Creating a new theatre program can be daunting. As a theatre educator working in schools, I have had the experience of a fully-formed program being handed over to me from a retiring teacher with a neat little bow. There were a lot of pros: built-in participants, a curriculum to reference and a clear understanding of expectations. There was a way things worked, relationships already built. I had a music director, choreographer, a space, a show lineup–I just had to figure out how I fit into it all. There’s some relief in that, especially for a new director.

Starting my current position was a completely different experience. I was part of building the program from the ground up, beginning something brand new. It was a little scary. There were a lot of unknowns. It was challenging figuring out all of the pieces. The payoff? Having a program built around my style, my ideas–I found it rewarding in a new way. My current program feels more authentic to me as a theatre practitioner, because I crafted it with my own goals in mind.

Production of James & the Giant Peach.
Photo courtesy of St. John’s Prep.

Knowing that not all theatre programs are connected to a specific school, I decided to reach out to a friend for reinforcements! For this blog, I sat down to run my thoughts by Samantha Gambaccini. Samantha has run many youth theatre programs in various communities, and often takes me along for the ride as her assistant with her summer workshops. Together, we’ve presented on children’s theatre at conferences, written and produced plays for kids, and run programs of varying sizes. Sam’s a pro when it comes to what it takes to make it all happen, and I have happily stolen her tactics to refine my own work.

Together, Sam and I discussed some basics of where to start…and what questions to ask yourself.

Refine the goals of your theatre program

Are you looking to make money? Provide accessible theatre training to children in your community? Craft competitive performances? Get high school actors college-ready? Focus on a specific type of repertoire or community? Think about what you really want your program to be about, and play to your strengths.

Nail down logistics: Budgets, space, capacity, staffing

Do you need other adult workers? Do you have a space? What are the costs of that space and that staff? Where does the budget come from? Are you provided a certain amount from a school or a community organization, or do you need to start looking for grants?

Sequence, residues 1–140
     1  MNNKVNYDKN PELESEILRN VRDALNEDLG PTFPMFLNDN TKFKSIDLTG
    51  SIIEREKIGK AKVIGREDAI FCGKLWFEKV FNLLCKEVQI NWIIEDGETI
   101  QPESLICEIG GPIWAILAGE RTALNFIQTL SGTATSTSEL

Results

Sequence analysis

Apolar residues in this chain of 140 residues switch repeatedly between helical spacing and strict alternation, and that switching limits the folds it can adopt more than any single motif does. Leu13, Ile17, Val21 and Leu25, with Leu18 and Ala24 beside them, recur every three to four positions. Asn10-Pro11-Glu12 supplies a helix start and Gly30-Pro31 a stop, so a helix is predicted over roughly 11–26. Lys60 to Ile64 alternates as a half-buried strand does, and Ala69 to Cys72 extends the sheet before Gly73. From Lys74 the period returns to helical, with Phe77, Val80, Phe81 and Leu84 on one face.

Production of Shrek JR.
Photo courtesy of St. John’s Prep.

When is your program, what dates and hours does it run? Is it after school, full day, half day? Do the kids get snacks? Do they bring their own? How do bathroom breaks work? Is there a nurse in the building? What paperwork do parents need to sign?

Get people in the door

Advertise. In a school, that may be sending emails to students, holding meetings, contacting parents, a newsletter, announcements, a bulletin board, a website. For theatre programs that work in the community, you have to be willing to put yourself out there. Contact local news organizations, reach out to local schools in the area. Create fliers, ask to put them up in spaces around your town. Craft a social media page or make an event. Check in with after-school spaces like YMCA’s. If your program charges, consider offering up a scholarship via raffle event or through another organization. Check out local parent organizations or websites that focus on student activities. Contact locals to get on the town calendar. Wherever you can spread the word, spread the word!

Communications to families and participants

Families want updates on the work their children are doing. They need details with important information: prices, performance dates, expectations. Just as important as the information is how clearly you communicate it. Bullet points, color code, photos for advertising. Something eye-catching and concise.

Production of Wiley and the Hairy Man.
Photo courtesy of St. John’s Prep.

Expect some hiccups

When a program is finding itself, there’s always minutiae you’d not considered, always a child who drops out when they realize the program conflicts with their flute lesson. A parent who misread a communication, a financial burden you hadn’t yet thought of. Until your program has a history of expectations, a sea of returning faces, a precedent–you’re bound to encounter some blips. Be flexible, be gentle with yourself, plan in some wiggle room.


Prioritize learning names early. Make it a space where children feel welcomed, heard and safe. Develop relationships with and between participants. Learn the names of the parents and make time to chat with those who are available and interested. Find out about the interests of your participants outside of your time together. Once you’ve gotten kids involved, you want to keep them. Are there ways to offer scholarships or sliding scales? Is your theatre program accessible? Do people want to come back?

You need their reviews, their word of mouth and their return attendance. You can have all of the boxes checked, but if you haven’t focused on relationship-building within your community, you may find yourself starting from scratch all over again.

Production of Holes.
Photo courtesy of St. John’s Prep.

Beginning a theatre program requires a lot of planning, organization, time, and attention…but the ability to build something positive for kids that plays to your own strengths? It doesn’t get much more rewarding than that. Happy planning!

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